Whitby: “If we let any of the boys go there will be talk.”
Bear: “Right, if we let any of our boys go. But… well, what about our girl?”
Whitby: “Well the girl seems to be doing pretty well. A lot of bright ideas… a lot of energy… It’s kind of unusual around here.”
Bear: “Well, what’s the difference? That’s one way we can cut expenses without causing talk. Besides, everyone knows that taking on that girl was just an experiment.”
Unfortunately, the writers stopped well short of continuing to lay positive ground for career-driven women. While Molly was bright and ambitious, she was also extremely gullible in the department of romance. She has no real boyfriend although she spends practically every evening with a man named Leonard who we learn is married and is in constant psychotherapy. Since he has a miserable home life and does not like his wife, he comes to seek moral support from Molly by having her fix him dinner and talk about his personal problems. Where is there any sense in this situation? When Leonard discovers that Molly is in love with Henry, he attempts to ruin their chances by exposing Henry’s true background/identity in the hopes that she’ll run back into his arms. (If any of this sounds familiar, this part of the plot is reminiscent to 1959’s Pillow Talk although Tony Randall’s character was a 3-time divorcé instead of being married.)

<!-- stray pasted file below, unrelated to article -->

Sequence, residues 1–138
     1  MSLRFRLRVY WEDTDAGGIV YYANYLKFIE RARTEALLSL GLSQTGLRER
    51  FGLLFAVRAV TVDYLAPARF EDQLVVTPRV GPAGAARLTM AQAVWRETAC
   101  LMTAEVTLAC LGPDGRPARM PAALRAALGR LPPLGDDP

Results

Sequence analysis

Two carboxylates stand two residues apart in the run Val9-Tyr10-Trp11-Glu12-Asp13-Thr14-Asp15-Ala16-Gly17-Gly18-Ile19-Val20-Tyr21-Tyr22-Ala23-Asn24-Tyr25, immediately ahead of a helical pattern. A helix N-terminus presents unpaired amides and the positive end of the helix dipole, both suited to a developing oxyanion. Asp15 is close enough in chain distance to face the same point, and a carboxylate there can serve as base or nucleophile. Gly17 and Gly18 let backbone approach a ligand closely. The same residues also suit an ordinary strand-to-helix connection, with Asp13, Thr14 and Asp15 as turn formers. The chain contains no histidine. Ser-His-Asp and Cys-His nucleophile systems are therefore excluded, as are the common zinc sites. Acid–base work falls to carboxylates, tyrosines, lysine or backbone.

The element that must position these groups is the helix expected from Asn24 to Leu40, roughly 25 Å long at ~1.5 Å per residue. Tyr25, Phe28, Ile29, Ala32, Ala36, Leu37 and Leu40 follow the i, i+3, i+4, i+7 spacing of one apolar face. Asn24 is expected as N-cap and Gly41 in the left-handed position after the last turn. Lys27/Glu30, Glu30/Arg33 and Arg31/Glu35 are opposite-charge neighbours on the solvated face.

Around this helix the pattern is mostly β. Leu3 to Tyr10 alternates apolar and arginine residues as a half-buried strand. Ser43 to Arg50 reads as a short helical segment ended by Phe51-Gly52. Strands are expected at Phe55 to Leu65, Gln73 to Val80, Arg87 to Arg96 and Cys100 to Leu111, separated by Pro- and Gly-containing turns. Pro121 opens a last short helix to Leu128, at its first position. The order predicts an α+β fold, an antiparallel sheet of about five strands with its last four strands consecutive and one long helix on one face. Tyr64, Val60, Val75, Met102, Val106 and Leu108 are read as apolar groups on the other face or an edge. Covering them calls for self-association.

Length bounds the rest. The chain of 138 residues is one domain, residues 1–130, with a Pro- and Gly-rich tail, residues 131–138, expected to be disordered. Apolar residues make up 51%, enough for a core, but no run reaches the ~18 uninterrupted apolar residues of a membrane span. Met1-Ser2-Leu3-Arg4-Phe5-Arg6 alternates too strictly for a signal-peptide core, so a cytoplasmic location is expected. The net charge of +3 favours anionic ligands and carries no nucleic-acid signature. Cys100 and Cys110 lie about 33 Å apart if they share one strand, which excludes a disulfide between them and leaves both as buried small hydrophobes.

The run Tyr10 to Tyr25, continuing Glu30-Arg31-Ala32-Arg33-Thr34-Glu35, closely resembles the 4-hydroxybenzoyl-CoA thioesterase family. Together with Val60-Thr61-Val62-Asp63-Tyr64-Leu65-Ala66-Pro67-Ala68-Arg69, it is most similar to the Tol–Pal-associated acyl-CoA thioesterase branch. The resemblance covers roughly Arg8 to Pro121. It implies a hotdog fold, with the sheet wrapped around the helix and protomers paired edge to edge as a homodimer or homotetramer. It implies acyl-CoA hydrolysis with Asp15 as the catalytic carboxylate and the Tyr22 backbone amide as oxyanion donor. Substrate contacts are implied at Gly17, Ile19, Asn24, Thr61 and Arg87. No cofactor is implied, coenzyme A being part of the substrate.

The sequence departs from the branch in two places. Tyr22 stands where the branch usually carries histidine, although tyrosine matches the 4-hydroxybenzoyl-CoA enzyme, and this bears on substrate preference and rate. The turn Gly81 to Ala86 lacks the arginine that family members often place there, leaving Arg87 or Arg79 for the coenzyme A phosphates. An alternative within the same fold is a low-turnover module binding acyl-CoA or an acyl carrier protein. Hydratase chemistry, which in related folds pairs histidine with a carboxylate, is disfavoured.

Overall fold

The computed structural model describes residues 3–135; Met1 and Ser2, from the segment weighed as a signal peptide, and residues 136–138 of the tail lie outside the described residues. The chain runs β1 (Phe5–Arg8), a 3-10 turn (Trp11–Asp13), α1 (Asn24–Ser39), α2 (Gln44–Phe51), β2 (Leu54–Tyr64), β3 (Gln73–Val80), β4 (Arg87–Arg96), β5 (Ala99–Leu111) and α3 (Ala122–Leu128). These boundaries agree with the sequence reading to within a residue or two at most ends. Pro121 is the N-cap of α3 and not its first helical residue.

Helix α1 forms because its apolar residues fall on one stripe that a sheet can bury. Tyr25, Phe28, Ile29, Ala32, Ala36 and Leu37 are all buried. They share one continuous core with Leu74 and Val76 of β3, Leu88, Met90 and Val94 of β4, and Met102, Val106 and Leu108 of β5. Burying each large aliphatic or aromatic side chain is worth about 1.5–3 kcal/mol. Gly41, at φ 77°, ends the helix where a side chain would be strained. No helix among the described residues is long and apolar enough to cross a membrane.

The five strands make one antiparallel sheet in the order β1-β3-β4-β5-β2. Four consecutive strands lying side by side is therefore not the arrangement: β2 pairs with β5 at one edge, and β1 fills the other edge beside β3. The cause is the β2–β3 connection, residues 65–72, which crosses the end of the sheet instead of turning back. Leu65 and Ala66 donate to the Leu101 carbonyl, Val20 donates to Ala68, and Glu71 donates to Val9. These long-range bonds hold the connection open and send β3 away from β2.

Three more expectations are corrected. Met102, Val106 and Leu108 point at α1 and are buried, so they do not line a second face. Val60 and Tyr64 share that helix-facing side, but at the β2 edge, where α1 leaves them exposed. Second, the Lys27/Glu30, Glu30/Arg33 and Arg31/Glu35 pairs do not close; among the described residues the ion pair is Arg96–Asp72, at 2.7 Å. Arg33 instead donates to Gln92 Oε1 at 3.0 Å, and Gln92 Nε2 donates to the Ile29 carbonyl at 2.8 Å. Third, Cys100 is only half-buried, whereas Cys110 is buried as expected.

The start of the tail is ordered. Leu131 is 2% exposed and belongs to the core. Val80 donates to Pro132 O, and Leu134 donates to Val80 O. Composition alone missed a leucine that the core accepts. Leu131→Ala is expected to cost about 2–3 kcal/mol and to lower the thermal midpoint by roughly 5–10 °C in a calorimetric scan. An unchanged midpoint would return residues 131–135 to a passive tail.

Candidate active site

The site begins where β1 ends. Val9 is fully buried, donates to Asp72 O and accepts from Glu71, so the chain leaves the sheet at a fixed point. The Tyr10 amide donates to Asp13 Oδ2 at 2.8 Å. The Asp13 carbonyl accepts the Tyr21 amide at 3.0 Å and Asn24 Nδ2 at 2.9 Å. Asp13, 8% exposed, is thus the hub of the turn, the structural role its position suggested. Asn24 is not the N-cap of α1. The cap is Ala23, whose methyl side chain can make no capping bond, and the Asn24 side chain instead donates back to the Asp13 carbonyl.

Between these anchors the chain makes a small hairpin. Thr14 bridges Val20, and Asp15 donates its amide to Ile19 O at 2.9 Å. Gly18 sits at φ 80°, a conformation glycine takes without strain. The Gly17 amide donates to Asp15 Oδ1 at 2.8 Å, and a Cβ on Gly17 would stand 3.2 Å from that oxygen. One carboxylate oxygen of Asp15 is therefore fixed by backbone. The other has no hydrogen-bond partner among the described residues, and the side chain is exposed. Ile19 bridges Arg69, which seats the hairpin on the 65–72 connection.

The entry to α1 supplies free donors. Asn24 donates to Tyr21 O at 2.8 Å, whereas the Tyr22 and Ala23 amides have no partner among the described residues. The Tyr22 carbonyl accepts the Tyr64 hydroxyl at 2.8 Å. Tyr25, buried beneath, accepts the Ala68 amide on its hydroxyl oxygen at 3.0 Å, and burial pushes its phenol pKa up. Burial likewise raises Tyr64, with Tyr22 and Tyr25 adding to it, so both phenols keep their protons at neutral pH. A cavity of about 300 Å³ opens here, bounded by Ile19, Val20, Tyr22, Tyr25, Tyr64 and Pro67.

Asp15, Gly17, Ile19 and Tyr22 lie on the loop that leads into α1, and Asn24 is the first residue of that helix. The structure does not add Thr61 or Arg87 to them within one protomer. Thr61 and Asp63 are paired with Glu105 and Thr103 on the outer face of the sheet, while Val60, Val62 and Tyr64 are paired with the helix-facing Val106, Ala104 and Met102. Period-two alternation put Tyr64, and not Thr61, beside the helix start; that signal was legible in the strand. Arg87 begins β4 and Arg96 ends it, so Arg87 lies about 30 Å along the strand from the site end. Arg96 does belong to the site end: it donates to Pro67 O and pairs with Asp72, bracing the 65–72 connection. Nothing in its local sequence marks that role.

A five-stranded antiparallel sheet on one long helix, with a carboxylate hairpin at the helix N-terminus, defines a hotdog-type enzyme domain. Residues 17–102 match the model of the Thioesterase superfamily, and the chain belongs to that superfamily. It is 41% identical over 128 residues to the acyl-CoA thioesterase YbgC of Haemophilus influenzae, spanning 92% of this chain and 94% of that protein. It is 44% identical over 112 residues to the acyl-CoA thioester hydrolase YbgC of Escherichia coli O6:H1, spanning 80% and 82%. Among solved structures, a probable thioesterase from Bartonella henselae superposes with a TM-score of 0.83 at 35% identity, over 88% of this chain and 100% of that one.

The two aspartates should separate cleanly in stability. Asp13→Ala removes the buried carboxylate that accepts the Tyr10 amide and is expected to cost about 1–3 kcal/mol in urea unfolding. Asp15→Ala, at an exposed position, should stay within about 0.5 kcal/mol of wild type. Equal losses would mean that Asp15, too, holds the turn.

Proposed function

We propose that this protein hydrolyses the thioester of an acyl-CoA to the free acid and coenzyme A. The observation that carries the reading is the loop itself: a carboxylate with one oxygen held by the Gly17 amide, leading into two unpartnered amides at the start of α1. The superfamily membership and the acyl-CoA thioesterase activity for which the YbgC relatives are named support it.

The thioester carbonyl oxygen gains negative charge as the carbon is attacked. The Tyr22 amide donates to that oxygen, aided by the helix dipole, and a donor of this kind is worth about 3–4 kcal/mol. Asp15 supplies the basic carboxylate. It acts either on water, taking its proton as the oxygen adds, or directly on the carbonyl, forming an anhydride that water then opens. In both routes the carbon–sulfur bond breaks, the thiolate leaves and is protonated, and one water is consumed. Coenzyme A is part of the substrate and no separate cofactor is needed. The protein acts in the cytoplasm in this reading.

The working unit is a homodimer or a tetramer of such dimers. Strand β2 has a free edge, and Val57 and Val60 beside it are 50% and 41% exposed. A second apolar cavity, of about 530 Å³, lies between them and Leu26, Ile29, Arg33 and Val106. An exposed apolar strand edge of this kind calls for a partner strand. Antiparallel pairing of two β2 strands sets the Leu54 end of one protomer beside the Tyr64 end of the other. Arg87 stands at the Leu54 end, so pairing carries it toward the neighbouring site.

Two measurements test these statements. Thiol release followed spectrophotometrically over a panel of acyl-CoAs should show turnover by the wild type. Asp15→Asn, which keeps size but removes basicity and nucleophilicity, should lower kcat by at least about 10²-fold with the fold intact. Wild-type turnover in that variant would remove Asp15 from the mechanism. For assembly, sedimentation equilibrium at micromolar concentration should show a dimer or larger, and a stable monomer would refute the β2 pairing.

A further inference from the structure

As a pure source of entertainment, The Wheeler Dealers works very well and enjoying the company of James Garner and the ever beautiful Lee Remick is hardly a strenuous effort. If you enjoy this genre of film, you will be perfectly happy. As my friend and fellow classic film lover Laura put it in her own words: It’s sort of the movie equivalent of cotton candy, tastes good yet quickly melts away. (1)